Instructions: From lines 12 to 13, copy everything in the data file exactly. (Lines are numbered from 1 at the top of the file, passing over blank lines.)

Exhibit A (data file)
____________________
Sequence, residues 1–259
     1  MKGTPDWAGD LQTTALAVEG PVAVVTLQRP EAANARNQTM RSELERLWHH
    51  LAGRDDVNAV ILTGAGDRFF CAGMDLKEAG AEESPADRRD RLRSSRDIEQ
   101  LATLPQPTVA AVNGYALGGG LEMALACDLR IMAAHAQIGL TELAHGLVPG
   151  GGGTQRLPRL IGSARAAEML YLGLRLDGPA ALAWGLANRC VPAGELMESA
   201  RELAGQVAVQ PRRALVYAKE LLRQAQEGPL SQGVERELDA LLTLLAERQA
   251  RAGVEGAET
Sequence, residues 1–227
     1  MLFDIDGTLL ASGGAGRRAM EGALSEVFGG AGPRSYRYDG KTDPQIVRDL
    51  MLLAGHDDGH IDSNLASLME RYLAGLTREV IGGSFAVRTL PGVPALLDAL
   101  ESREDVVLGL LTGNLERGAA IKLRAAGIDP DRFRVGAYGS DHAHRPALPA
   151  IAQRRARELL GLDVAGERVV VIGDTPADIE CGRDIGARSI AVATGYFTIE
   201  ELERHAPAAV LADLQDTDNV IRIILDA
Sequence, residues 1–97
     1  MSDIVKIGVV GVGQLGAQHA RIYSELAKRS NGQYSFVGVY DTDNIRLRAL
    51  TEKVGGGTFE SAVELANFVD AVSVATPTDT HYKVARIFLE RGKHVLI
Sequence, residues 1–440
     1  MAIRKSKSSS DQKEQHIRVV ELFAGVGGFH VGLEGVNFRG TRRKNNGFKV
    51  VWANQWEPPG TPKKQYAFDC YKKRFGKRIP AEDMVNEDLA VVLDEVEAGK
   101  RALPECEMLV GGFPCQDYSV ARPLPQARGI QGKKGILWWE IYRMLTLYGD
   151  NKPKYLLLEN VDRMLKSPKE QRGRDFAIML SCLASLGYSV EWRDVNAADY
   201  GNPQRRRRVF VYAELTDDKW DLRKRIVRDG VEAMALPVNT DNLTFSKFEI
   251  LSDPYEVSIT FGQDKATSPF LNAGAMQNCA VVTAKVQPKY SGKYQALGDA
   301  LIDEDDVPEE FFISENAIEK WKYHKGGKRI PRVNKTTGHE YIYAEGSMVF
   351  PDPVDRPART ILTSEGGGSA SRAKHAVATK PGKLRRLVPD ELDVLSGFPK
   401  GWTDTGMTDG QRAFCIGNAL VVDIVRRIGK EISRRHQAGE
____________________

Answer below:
   151  IAQRRARELL GLDVAGERVV VIGDTPADIE CGRDIGARSI AVATGYFTIE
   201  ELERHAPAAV LADLQDTDNV IRIILDA